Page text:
Thanx
Stevie
stevie further back in this thread i think jesse, dw and other discussed that the caps you find at your regular electrical store are not high frequency caps, which is what your stock and mod motors are running at. so i suppose you would probaly burn it up with the high switching frequency of your motor. if you want one i would suggest you go with the worlds option kit, though im no electrical engineer.
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Old 10-14-2002, 01:30 PM   #101
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The small Capacitors that are used on the motor are there to reduce electrical interference from when the poles in the motor become uncharged, and there is a "Fly back" voltage. All caps are high frequency. They let high frequency through, while blocking low frequency. (ever see a crossover unit for home or car audio?) The larger capacitors used on the battery side is used to store electricity. Just like the HUGE caps used in high end car audio, the capacitors on the battery are there to give a small burst of current, particulary while accellerating. It make no difference on your top speed however. Also, using a larger cap on the batt. will give you a shorter run time, although not too important with todays high capacity batteries, it would make a small difference with 2000's. And for racing stock, you don't need a huge cap, because the motor never hardly draws more that 25-30 amps (usually) and for the most part, the battery can keep up with that. It helps the ESC run cooler because in order to deliver the same wattage, when the voltage gets lower, it has to draw more amps.
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Old 10-14-2002, 08:45 PM   #102
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For schottkey diodes SD830 works wwell, its made by diodes inc.

GIve me a day or so to look up suitable power caps.
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Old 10-15-2002, 05:46 AM   #103
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Pit Crew:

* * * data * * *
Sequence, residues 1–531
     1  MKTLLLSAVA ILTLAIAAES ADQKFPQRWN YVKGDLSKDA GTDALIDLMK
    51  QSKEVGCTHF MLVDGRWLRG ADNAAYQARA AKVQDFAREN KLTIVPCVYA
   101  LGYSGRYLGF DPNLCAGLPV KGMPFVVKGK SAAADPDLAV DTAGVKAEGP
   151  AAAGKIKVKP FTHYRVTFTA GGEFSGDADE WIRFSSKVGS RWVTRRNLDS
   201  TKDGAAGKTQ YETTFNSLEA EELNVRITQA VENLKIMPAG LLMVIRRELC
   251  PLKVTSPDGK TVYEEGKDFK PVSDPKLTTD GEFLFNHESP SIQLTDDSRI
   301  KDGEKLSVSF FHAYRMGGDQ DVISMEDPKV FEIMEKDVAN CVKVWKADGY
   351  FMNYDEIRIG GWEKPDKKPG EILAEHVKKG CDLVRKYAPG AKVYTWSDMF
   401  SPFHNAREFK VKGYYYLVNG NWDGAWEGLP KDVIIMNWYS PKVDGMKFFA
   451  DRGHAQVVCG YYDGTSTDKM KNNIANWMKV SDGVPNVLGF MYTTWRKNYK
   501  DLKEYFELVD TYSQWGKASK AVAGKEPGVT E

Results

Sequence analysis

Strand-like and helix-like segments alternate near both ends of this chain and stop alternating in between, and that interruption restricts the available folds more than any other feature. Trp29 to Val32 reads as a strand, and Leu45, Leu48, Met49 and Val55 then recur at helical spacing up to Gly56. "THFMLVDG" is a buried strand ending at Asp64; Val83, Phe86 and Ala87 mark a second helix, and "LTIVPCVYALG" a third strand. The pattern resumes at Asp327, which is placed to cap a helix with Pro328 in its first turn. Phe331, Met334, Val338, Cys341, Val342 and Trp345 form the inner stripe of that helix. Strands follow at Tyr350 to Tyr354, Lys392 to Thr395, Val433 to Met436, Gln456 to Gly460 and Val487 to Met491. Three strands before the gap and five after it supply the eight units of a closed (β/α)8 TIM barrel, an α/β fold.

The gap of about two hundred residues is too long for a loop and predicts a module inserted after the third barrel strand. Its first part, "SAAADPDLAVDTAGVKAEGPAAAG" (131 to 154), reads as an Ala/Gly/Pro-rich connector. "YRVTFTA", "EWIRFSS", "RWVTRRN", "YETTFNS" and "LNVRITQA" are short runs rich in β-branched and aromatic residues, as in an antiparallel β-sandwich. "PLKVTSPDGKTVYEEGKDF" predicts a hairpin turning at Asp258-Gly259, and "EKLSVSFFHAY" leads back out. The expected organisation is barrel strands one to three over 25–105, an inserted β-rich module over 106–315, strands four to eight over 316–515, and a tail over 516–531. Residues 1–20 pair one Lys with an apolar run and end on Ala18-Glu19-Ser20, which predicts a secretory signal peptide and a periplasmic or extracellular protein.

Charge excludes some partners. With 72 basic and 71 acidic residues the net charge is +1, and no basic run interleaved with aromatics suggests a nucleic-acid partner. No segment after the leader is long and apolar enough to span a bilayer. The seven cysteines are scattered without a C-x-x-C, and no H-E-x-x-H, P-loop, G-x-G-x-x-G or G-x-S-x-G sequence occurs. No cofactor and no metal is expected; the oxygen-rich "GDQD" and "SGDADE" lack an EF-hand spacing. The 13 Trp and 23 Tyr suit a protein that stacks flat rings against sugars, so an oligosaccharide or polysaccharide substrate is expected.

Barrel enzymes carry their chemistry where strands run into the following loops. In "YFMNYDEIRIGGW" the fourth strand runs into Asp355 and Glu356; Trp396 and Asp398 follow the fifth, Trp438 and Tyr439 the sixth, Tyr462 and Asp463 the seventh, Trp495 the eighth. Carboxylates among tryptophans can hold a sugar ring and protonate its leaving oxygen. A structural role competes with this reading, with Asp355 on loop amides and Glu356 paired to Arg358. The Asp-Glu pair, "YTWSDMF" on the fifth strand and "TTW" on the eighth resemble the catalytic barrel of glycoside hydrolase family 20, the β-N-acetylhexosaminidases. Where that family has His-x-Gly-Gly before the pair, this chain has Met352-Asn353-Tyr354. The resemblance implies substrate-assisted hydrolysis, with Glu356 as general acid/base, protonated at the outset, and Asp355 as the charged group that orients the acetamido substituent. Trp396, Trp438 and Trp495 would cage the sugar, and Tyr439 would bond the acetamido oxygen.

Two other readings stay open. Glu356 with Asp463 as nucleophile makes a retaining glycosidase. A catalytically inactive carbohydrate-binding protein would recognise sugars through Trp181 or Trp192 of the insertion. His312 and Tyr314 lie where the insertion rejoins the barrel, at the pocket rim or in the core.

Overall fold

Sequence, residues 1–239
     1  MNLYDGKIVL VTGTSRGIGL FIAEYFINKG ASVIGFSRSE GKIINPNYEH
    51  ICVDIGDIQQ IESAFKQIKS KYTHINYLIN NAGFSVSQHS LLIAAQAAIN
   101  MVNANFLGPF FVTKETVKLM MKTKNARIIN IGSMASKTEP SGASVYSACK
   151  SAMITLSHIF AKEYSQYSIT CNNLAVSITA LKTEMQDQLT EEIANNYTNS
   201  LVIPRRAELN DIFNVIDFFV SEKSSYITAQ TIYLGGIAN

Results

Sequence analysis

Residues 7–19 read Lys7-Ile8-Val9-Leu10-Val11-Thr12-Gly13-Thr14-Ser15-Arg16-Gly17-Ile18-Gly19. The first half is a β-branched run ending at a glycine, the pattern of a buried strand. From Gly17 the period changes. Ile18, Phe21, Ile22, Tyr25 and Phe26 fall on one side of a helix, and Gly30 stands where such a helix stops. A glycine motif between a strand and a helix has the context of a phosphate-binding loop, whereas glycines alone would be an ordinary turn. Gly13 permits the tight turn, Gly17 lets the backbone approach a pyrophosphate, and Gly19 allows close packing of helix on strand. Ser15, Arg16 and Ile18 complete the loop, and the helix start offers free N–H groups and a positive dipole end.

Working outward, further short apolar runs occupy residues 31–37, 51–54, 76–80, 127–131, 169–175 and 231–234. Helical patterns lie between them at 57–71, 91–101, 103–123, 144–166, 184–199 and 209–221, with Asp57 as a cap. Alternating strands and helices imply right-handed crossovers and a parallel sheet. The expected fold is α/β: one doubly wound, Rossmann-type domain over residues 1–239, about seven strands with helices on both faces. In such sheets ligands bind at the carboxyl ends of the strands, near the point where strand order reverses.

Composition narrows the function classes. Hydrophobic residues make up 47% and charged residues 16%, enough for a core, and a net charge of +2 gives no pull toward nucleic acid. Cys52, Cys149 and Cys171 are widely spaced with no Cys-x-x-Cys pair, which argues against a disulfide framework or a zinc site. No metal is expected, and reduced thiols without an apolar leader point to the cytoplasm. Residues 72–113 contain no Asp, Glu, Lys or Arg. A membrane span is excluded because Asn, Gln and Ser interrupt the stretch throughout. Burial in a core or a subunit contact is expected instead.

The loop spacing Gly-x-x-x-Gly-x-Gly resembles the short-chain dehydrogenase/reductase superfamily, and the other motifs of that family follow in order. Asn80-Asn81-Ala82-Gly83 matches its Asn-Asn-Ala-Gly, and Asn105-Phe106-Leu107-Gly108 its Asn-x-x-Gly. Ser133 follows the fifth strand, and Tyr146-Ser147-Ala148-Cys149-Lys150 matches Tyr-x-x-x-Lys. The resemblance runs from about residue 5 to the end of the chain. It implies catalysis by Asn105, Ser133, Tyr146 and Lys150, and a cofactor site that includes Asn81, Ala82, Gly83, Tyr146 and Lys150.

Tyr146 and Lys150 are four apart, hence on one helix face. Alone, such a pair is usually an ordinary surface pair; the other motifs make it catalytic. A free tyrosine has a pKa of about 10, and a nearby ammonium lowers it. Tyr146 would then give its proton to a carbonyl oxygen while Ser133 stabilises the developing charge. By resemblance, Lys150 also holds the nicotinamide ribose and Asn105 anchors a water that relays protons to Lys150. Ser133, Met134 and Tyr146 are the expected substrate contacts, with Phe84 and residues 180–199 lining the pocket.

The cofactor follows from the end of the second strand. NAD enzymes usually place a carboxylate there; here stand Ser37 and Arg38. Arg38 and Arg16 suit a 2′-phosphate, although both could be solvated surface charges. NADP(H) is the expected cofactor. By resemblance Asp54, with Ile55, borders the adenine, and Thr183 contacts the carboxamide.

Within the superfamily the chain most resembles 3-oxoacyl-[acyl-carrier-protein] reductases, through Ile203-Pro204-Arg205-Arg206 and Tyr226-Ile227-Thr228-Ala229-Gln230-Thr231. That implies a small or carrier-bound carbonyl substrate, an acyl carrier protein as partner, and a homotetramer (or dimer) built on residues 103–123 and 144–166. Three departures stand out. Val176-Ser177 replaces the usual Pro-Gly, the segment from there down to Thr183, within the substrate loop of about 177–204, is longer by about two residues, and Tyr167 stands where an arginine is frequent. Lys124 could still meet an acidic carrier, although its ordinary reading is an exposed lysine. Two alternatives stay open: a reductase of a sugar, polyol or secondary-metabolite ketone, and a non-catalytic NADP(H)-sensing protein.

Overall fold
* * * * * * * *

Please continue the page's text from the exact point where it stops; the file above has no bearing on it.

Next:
Have you ever seen a high frequency home audio cross-over? Audio frequencies are not by any standard "high frequency". All capacitors have an complex impedance changing with the frequency. This consist of capacitance, inductance and resistance. In a capacitor the inductance and resistance are tried to minimize, but are never zero. So, what is generally meant with a high-frequency capacitor in this context? It's a capacitor with a relatively low impedance at high frequencies, meaning it's resistnace and inductance are low. You said a capacitor is a high pass component. Well yes, but when the frequency is further increased it starts to block the current again. Ceramic capacitors work with much higher frequencies than electrolytic capacitors, but try to find one with 1000s of uF.
The capacitor is used, not to help supply current under acceleration, but to help supply current for a single current pulse that the ESC operates with. Same goes for 1:1 scale car amplifiers, they also work with a pulsed current.
The capacitor makes the battery operate more efficiently, so the only way runtime is diminished with is by utilizing more energy.
Please also read the older messages.
BR/ JesseT
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Old 10-15-2002, 06:26 AM   #104
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Does anyone know the answer to my question (I think 4 posts ago)? Thanks.
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Old 10-15-2002, 07:44 AM   #105
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A capacitor with a higher maximum voltage rating typically has a lower impedance. This means that with the same numbers for capacitance, the one with a higher voltage rating will give out it's energy faster. On the other hand, a capacitor with a higher voltage rating is also larger by approximately the same ratio. So, in my opinion it's better to use instead a larger capacitor with higher capacitance, but... I don't know. It's not a big difference. Perhaps they got those cheap ;-)